May 7, 2015
The results included a 7.7 percent year-on-year increase in revenue to ¥1.086 trillion ($9 billion/€8 billion), and a 12.4 percent increase in profit to ¥101.2 billion ($842 million/€745 million), up 12.4 percent year over year. In terms of inkjet printers, demand “remained firm in Europe but contracted in Japan”, due to a “delayed recovery in consumer spending”.
The OEM also saw inkjet demand “decrease slightly” in North America, while wide-format demand “decreased somewhat” in Japan but “moved sideways in Europe and “remained firm” in the US. In terms of dot-matrix machines, demand “is slipping” in the Americas and Europe, and trending “downward” in China. Overall however, printing revenue “increased”, and Epson reported that it “succeeded in sharply expanding inkjet printer revenue despite a decline in ink cartridge” shipments.
The revenue grew thanks to the “reinforced line-up of printers with high-capacity ink tanks”, which saw “strong sales, especially in emerging markets”. With the RIPS (Replaceable Ink Pack System) machines “reinforced […] for a serious entry into the business market”, Epson also launched an MPS business in Japan, and revenue from consumables “rose along with an improved composition of the install base”.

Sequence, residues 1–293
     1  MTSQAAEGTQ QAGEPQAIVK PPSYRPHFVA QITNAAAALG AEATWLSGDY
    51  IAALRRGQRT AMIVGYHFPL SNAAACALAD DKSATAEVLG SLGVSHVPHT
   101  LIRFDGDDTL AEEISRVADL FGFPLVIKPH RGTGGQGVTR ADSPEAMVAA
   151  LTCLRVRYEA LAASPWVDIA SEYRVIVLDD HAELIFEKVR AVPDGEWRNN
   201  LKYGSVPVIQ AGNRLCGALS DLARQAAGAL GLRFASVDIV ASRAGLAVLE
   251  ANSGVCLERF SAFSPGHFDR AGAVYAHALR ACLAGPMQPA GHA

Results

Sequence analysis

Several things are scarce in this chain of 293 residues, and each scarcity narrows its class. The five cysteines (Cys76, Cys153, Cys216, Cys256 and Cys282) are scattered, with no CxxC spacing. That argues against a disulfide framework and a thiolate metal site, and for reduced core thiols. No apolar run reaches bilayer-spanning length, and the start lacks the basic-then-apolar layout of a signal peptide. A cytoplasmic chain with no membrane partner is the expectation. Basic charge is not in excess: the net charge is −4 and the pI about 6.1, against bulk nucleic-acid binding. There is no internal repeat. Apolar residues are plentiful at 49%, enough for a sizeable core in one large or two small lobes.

Wide-format printers saw “ongoing firm demand” in large-photo and colour calibration sectors, and increasing revenue in professional photo markets thanks to “compact, high-performance new models”. The textile market’s applications “expanded to encompass” more products, while direct-to-garment machine sales were “expanded” to new territories.
The entire segment – information-related equipment – saw profit increase “due to a combination of revenue growth from major products” and currency exchange effects to ¥133.6 billion ($1.1 billion/€984 million), an increase of eight percent year-over-year. Revenue for the unit meanwhile reached ¥907.2 billion ($7.5 billion/€6.7 billion), an increase of 7.9 percent year-over-year.
Epson attributed the positive results to its “updated mid-range business plan”, a three-year initiative to “manage our businesses so that they create steady profit while avoiding the single-minded pursuit of revenue growth”. It added that “our top priority has been steady profit and cash flow”, and to achieve this it has “been readjusting our product mixes and adopting new business models”, while also “aggressively developing markets in new segments”.
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